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PD Editorial: Should Highway 37 become a toll road?

PC: Traffic was already backed up on Highway 37 as these vehicles head toward Infineon Raceway from Vallejo Sunday before 1 p.m. The track is about ten miles from this point. 6/23/2003: B1: Traffic heading west is backed up just after noon Sunday at the beginning of Highway 37 leaving Vallejo, headed toward Infineon Raceway, about 10 miles away.

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North Coast commuters — and anybody who has ever tried to get to Lake Tahoe on a Friday night — are familiar with the challenges of taking Highway 37 from Sonoma and Marin counties to get to Interstate 80. But on Friday, what was merely a daily inconvenience turned into a nightmare after a big rig crashed, forcing the closure of the highway in both directions for several hours. The Santa Rosa-area CHP office advised motorists to avoid the area, but the options are few.

This only has helped call attention to the growing challenges of traffic on Highway 37 and the need for a long-term solution.

As the Sonoma Index- Tribune reported last week, an alliance of business interests is offering one. The group is proposing to widen and raise the 21-mile section of Highway 37 between Novato and Vallejo — once known as “blood alley” for its multiple head-on collisions — and have the new four-lane elevated causeway paid for by having it converted into a toll road.

The group, United Bridge Partners, gave a presentation of the idea to Sonoma Valley business leaders on Oct. 7. It would provide the funding to get the project started.

“Our approach requires no public investment, allowing public funds to be spent on other priorities,” United Bridge Partners CEO Ed Diffendal told the Index-Tribune.

United Bridge Partners, based in Foster City, has some experience with this. It funded the new South Norfolk Jordan Bridge in Virginia, which opened to traffic in October 2012 serving the Chesapeake Bay region.

It’s a promising solution for a congestion problem that appears unmanageable and for which there’s no workable solution and no identifiable funding. Meanwhile, recent studies have pointed out that the troubles with the two-lane stretch of highway, separated only by a concrete median barrier, are only expected to get worse due to sea-level rise. According to studies by Caltrans and researchers at UC Davis, Highway 37 faces increased flooding and continual settling from unstable soil conditions in the area. The result is going to be the need for frequent repairs.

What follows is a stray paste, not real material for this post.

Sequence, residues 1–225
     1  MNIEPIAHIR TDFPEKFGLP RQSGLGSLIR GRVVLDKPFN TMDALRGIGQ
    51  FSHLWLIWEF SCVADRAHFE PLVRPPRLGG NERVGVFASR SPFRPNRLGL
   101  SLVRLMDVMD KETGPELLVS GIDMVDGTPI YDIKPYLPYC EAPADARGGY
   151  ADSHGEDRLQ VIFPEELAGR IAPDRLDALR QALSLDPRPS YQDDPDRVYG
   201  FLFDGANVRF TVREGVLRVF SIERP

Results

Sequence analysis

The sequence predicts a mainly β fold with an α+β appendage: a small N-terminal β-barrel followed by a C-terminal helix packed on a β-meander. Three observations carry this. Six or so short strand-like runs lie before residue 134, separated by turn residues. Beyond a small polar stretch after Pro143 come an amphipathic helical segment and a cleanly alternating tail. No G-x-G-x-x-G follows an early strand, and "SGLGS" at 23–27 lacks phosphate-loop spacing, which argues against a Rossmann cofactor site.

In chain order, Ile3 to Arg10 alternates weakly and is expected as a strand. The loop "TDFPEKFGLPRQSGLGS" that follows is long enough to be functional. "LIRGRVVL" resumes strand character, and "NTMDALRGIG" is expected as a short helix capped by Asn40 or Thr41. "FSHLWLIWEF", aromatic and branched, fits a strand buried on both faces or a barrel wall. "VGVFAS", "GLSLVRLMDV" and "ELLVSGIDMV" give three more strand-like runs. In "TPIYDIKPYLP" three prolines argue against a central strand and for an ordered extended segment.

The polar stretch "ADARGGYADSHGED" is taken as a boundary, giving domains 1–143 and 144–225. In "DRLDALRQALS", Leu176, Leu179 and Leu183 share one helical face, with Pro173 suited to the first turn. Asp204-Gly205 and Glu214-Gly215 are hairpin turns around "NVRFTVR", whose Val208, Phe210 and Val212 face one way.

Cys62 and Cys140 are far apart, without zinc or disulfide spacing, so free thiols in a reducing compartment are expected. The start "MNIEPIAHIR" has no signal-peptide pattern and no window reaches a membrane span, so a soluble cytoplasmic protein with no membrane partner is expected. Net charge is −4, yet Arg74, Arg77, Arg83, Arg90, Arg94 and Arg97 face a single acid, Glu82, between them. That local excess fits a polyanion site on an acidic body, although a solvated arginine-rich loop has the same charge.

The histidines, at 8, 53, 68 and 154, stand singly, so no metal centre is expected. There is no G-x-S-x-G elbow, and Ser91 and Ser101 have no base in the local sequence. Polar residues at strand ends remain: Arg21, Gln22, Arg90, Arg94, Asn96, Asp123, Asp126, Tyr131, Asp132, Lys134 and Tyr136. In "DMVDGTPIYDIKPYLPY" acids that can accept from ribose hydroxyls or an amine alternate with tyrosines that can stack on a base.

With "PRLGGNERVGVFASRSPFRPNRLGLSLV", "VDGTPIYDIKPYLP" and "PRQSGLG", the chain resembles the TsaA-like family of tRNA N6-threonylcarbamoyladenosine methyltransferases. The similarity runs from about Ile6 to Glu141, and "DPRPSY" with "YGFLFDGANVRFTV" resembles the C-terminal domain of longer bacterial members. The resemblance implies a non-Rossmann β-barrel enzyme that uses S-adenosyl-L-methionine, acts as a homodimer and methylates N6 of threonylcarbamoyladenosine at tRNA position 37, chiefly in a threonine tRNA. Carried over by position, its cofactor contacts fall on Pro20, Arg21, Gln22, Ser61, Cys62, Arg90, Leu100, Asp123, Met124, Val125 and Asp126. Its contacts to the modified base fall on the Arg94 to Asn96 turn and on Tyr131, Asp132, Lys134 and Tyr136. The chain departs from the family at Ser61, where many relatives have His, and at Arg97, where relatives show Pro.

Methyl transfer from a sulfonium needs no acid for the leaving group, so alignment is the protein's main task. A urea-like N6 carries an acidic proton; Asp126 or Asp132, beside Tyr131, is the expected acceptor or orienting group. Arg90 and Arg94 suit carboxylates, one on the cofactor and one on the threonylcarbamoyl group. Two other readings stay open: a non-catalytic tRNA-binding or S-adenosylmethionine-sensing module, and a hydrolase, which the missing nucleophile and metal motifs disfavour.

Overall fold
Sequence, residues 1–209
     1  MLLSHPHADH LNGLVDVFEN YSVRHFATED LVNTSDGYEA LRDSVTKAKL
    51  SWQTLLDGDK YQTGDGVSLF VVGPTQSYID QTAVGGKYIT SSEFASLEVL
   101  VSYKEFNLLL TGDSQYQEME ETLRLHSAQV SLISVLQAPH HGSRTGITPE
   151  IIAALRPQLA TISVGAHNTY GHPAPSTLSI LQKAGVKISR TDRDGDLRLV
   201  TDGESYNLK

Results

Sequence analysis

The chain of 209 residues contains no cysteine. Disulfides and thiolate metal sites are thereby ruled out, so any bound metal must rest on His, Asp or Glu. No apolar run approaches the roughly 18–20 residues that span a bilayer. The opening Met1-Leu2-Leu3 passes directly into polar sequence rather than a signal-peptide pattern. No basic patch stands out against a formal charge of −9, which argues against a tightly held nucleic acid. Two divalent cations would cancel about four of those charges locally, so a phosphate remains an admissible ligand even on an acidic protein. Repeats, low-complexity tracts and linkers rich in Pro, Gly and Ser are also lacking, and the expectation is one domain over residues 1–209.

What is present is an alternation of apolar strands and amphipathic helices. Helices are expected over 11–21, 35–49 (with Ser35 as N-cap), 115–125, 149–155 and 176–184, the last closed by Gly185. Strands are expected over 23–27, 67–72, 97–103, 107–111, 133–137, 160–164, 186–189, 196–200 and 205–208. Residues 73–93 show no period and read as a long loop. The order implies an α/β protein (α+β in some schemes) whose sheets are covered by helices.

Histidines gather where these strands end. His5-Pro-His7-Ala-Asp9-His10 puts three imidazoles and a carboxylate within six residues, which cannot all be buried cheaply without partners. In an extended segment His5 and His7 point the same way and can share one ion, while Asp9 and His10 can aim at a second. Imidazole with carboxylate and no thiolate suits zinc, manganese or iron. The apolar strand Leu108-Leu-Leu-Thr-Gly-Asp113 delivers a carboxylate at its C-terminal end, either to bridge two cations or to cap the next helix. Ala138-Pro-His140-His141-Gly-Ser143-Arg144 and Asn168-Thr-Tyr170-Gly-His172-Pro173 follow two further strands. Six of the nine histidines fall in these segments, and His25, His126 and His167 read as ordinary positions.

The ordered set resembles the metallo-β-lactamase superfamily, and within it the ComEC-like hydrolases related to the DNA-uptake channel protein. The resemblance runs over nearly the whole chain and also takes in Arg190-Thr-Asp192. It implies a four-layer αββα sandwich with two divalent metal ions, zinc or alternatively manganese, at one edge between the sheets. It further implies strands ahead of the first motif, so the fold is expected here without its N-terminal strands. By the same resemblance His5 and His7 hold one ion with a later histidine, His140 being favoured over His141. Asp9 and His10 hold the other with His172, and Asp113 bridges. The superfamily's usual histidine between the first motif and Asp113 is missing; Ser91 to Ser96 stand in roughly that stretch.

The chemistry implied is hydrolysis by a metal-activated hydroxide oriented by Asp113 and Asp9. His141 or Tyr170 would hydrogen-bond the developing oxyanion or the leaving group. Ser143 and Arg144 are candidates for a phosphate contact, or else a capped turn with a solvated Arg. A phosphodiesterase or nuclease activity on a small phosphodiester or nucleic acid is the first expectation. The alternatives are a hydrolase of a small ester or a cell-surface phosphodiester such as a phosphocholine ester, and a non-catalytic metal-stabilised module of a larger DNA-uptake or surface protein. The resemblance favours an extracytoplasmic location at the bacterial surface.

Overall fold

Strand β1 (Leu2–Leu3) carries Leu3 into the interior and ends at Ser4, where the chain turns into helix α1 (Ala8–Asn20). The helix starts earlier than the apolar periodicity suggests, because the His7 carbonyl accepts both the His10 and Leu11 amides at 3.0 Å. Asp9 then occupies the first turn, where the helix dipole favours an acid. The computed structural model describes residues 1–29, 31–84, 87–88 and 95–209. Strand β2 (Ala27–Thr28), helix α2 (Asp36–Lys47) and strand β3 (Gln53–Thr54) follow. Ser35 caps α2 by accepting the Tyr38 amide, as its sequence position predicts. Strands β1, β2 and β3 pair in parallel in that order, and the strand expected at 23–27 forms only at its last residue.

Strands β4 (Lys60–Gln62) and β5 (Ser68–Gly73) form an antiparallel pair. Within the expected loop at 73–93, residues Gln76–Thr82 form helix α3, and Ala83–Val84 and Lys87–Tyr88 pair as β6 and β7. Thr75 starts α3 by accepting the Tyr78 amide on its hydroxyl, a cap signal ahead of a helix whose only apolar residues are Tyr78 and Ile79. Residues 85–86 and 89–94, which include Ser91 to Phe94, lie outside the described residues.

Give that, a simple solution such as a toll road is tempting.

But, this is no simple solution. Changing a public highway and making it a toll road is not going to be an easy task, nor should it be. It would require multiple approvals at the state level.

Those who have used Highway 37 as part of their daily commutes could suddenly find themselves having to pay a significant additional sum to use the same thoroughfare that they’ve used for years. For some, it could be too great of a cost. But once it’s built, they will have no option.

Many other questions remain: How much would the financing cost? How much would the private company stand to benefit from this arrangement, and would the toll continue even after the project is paid for?

Unlike areas of Southern California where toll roads are common, the Bay Area has been slow to embrace them — for good reason. In most cases, they’ve been used to finance the construction of new highways or the addition of new lanes. Converting an existing stretch of highway is a far more complicated matter. We need to be careful before we go down that road.